Handling academic stress
By Caleigh Treissman, 3rd-year Psychology major
Academic anxiety is something that all students face to varying degrees; it’s a regular part of being a university student. Sometimes stress is a good thing – would you really have stayed in to finished that assignment instead of going out with your friends if you weren’t a little anxious about it? But when stress starts to have a negative impact on both your social and academic life, it no longer serves its purpose.
There are some great ways to shrink your stress and the Peer Learning Assistants are here to help you figure them out!
- When academic anxiety is limiting your focus and concentration, take a break.
- Go for a walk, talk with a friend, or hit the gym
- When you return you will be more equipped to deal with your work.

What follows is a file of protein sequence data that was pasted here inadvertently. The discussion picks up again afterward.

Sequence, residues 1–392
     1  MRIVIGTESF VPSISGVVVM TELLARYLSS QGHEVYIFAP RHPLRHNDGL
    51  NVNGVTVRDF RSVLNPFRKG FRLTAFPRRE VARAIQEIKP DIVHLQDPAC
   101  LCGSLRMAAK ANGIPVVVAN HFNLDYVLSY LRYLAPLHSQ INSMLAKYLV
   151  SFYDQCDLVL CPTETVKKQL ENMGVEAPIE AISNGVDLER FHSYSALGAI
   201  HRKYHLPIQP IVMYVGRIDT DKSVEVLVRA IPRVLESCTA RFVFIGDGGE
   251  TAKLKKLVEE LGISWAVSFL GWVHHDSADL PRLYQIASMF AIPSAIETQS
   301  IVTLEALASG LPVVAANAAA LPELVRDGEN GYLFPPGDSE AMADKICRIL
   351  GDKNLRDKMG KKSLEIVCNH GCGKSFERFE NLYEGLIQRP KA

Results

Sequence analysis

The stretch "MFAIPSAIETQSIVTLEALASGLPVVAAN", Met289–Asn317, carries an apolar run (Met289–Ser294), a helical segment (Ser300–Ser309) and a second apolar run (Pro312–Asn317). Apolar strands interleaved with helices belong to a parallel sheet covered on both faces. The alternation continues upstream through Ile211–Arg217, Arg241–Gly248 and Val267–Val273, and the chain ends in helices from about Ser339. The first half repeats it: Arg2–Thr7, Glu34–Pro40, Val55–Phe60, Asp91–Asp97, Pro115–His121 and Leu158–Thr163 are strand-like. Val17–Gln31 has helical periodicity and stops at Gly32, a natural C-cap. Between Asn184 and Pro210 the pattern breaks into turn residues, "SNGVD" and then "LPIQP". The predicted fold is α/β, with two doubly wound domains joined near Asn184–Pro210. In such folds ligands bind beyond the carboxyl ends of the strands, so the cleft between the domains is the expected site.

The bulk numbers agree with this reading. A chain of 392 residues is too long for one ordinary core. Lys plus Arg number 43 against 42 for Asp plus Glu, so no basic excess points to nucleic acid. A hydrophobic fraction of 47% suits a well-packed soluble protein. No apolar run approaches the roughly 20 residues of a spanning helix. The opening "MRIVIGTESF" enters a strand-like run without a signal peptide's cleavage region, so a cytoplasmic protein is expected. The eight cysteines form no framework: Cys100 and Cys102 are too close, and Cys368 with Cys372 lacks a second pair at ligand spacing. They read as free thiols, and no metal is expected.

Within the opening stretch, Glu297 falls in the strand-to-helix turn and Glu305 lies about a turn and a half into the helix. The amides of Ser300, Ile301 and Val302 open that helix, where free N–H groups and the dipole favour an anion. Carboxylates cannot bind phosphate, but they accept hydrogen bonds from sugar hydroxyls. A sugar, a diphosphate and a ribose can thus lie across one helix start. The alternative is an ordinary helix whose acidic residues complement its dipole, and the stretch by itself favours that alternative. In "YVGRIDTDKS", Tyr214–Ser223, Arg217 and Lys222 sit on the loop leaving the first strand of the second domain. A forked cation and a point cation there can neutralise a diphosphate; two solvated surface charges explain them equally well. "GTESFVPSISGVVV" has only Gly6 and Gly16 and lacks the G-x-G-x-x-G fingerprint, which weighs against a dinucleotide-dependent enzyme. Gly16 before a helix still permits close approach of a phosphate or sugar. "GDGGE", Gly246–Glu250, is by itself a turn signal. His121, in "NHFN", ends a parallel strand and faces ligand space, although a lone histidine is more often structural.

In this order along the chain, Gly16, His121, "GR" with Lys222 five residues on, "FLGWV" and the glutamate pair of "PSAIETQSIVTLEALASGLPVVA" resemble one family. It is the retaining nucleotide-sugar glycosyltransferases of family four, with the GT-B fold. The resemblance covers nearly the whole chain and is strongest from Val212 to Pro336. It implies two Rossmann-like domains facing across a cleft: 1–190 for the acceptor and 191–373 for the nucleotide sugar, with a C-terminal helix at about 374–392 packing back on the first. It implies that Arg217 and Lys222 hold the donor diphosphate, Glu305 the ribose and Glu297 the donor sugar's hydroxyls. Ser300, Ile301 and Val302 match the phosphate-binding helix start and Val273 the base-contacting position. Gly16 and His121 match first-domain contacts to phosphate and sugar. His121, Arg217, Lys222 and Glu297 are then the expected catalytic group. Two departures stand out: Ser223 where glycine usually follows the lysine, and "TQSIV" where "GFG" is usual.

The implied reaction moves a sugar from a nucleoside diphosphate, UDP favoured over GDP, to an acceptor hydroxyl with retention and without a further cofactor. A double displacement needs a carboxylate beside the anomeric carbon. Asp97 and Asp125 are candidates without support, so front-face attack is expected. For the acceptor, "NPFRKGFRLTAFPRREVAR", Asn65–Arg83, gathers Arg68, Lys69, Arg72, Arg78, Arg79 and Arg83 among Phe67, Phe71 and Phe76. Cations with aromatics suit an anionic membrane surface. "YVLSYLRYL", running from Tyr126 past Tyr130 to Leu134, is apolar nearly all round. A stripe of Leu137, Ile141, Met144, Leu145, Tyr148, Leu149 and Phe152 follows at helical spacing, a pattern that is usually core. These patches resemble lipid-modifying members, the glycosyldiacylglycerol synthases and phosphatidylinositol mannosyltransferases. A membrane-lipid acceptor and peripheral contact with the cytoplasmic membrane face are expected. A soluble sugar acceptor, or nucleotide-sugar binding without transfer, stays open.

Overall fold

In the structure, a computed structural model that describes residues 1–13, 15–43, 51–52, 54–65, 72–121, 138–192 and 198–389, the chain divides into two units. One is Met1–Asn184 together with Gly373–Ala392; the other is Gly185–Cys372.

- Use a term calendar so that you know when big assignments are coming up
- This will help you study in advance so that you are not stressed right before the deadline.
Sleep on it
- Getting a good night’s sleep prepares your brain to tackle any upcoming challenges and to solidify the information you studied.
- It is recommended you get 7-9hrs of sleep a night for optimal brain functioning.
Talk to someone who can help
- Make sure to reach out to friends and family for support.
- Make an appointment with a professional learning strategist or stop by our peer-led Study Skills Coaching in Stauffer Library
- Make an appointment to talk with a counselor through Health, Counselling and Disability Services.
Managing your stress is all about balance, and may take some practice at first, but keep in mind that stress is a normal part of student life and that there are people here to help!
Visit Stress and Coping Strategies for more information.
Photo courtesy of Angie Gerrett under Flickr Creative Commons Attribution license 2.0.